03 July 2014


Life's ups and downs are one thing.

Then there is a variety of "down" configured so precisely it is difficult to avoid superstitious commentary. Among the distinguishing characteristics of these mysterious phases:
  • Cyclic. I have not clocked them yet in my life (but have committed to do so at last) but at some point during each of the serial calamaties of the my life a sense of "wait a minute...this is familiar" kicks in. If I were writing a fictional account, I might describe as a dark, rolling cloud that blankets my life every two/three/five/? months/years/fortnights/?
  • Synchronous. What I mean here is that after two or three things go "wrong" in a relatively short amount of time and close succession, I will explicitly state, to myself or a witness, "Well, at least x, y or z can't go wrong" and very soon afterward, x, y or z will happen. At which point, I ask myself whether x, y, or z would have happened if I'd kept my mouth shut.
  • Multifaceted. While the multiple elements of the "down" seem unrelated at first glance, it doesn't take long for a "theme" to present. An example: my young son throwing up in the car one afternoon...that evening I burn dinner...the next day "Little Green Apples" is playing on the car radio ("I haven't heard that song in years....) when I notice a favorite restaurant has closed. To my mind, at that time, "food" seemed to be a "theme"...
In addition, the phenomena will (seem) to refer to something wonderful that happened recently.

In the case of the most recent episode:  My savings account balance reached $2000 a few weeks ago. This is the most money I have ever had at one time in my life. The following week I made the final payment on my car. I was, understandably, feeling pretty good.

Soon after, a woman called to enroll her daughter in piano lessons.

On the day of the first lesson, she called 10 minutes before the agreed upon time to cancel due to a change in work schedule. We rescheduled for two days later. She did not show and, this time, did not call.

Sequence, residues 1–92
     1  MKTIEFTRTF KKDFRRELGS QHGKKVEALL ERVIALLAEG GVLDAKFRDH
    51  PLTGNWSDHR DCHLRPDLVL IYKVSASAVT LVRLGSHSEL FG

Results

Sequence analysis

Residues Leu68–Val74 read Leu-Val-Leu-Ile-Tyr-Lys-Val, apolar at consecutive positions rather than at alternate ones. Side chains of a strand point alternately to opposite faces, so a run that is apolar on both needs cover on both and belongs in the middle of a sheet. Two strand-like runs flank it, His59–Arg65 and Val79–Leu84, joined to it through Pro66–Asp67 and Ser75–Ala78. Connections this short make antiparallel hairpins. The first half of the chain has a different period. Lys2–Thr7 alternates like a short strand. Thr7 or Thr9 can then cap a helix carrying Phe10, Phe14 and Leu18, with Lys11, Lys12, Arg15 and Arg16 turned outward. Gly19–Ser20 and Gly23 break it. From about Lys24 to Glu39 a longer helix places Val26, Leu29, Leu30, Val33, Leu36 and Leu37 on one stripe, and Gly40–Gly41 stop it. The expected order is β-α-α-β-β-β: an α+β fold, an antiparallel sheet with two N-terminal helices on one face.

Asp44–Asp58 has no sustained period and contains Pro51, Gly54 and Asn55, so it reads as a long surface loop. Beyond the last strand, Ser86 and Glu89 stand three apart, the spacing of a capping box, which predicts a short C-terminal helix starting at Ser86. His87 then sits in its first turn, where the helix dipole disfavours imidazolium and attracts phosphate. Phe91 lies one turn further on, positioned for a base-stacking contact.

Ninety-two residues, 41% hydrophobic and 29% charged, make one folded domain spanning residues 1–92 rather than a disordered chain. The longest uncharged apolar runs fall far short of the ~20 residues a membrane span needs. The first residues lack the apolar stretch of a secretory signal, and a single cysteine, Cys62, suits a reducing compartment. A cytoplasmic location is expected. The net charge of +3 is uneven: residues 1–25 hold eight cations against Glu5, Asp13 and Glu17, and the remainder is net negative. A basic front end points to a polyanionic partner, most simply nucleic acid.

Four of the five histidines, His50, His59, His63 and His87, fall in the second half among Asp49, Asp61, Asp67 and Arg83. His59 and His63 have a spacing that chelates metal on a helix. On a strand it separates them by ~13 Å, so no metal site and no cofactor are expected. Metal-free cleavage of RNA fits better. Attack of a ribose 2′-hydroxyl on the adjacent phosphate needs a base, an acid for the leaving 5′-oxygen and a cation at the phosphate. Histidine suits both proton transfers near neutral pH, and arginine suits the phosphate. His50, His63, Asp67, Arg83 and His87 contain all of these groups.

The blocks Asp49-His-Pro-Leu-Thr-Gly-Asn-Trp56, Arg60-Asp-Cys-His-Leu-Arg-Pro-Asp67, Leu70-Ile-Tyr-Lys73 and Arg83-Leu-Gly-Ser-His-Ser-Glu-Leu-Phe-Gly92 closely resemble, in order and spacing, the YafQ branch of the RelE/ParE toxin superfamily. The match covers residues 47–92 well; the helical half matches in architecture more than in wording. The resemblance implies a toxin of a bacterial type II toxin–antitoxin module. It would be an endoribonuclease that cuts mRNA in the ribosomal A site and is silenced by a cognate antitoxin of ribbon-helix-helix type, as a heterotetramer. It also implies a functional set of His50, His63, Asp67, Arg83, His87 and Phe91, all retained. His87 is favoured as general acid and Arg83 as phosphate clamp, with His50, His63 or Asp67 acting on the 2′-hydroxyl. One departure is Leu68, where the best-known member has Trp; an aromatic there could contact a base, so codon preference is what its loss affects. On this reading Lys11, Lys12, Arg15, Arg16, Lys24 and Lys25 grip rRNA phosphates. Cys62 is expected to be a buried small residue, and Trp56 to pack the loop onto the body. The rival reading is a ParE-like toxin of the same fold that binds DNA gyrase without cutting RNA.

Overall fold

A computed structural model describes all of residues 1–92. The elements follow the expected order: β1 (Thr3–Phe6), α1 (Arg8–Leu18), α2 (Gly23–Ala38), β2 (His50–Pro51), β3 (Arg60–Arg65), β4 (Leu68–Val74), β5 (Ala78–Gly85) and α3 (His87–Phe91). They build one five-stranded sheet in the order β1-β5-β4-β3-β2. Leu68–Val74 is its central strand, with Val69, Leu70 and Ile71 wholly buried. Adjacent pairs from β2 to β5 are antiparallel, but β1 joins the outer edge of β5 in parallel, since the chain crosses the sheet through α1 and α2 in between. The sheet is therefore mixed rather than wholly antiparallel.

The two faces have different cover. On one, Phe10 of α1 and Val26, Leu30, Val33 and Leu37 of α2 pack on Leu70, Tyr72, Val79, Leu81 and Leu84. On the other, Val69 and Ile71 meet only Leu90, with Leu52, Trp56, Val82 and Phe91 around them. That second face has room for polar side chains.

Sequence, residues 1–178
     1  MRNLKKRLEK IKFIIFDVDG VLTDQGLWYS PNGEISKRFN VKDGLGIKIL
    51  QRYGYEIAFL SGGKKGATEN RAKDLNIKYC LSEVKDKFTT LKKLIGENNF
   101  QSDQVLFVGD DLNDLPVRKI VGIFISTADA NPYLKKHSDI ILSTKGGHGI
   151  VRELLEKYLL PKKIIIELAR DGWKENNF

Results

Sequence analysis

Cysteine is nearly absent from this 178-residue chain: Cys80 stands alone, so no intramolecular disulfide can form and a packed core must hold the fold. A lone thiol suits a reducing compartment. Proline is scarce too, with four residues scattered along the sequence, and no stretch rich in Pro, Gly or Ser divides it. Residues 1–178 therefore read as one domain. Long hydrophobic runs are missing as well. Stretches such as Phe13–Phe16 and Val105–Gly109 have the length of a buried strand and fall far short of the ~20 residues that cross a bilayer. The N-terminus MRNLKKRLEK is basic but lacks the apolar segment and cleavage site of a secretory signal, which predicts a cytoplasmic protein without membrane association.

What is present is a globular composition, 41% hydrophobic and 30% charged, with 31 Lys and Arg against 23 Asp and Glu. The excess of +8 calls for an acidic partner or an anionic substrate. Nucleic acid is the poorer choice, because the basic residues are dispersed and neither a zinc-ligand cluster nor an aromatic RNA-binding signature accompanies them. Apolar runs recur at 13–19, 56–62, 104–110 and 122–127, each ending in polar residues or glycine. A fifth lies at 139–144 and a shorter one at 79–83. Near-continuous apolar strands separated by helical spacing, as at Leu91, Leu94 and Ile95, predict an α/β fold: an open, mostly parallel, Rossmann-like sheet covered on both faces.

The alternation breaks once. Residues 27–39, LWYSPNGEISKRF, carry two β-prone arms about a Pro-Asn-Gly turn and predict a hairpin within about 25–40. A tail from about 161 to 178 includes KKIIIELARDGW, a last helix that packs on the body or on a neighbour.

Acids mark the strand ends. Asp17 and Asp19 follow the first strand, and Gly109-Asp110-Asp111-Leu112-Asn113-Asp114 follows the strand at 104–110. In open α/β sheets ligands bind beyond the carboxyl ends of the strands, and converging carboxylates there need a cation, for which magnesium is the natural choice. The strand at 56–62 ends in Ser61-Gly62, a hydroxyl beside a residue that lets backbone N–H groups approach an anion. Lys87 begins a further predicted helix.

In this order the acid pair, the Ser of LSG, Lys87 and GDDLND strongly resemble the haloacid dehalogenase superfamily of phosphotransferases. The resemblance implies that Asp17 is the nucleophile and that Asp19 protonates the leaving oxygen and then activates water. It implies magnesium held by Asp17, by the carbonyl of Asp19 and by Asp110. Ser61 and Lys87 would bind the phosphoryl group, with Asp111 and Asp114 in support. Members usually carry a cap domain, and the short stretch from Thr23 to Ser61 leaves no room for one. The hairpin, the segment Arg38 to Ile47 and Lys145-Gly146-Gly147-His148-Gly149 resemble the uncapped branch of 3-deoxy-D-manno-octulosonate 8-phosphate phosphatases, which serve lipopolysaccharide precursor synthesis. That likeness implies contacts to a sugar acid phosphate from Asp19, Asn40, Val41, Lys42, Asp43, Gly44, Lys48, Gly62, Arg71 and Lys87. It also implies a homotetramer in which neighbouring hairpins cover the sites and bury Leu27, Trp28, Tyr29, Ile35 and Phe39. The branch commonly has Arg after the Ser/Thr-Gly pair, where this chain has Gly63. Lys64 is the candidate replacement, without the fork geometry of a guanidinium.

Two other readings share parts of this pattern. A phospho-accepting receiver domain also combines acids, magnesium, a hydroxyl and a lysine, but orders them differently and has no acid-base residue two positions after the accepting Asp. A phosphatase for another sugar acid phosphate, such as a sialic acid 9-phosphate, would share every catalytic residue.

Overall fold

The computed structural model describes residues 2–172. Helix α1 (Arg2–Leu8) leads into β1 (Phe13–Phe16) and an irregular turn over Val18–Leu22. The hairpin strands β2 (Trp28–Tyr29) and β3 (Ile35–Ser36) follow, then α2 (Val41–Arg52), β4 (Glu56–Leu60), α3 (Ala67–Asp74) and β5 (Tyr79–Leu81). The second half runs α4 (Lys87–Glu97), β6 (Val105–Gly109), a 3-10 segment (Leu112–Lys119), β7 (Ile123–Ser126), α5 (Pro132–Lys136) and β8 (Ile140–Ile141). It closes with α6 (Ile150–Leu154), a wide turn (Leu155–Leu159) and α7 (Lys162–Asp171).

A few days later, hoping to drum up some business, I placed a largest-ever (viz most expensive) ad in the local paper.

The next day, I received a Discontinuance of Benefits letter from the Food Stamp office. And a regular student informed me she'll be out of town for the next two months. The next day, another student informed me she'll be away at camp for a few weeks. And another student's check bounced.

At which point my mind began to overload with disaster thinking, largely centered around "I'm not gonna be able to go to Brazil!" spiraling quickly into "People are awful...life is awful...I'm going to un-Friend everybody on FaceBook..."

The next day, after leaving a VM indicating she would bring a "good," i.e., replacement check to me that evening, the bounced-check parent did not show up or call.

The following morning, I looked at myself in the mirror and said aloud "Well, at least I'll still have the income from the church gig. I mean, who ever cancels church?"

That evening a church leader left a VM informing me that church will be canceled this week because most everyone will be out of town for the Fourth of July holiday.

That was the "Wait a minute...this is familiar" moment in the current "down" series and I actually burst out laughing. There's a kind of "click" that registers with the "say it can't happen" and "then it happens" sequence and that VM triggered the "click" this time.

The thing ends eventually but it's impossible to predict when so I just wait for some number of days to pass without bad news.

Yesterday, a few days after the "click," a student did not show for her lesson -- or call or text or email or respond to my "where are you text message." I smiled. The mother of the evening student telephone an hour before her lesson to cancel and reschedule for Friday.

"Apparently "it" isn't over yet..."

I'm not superstitious.

Or am I?

Does it matter?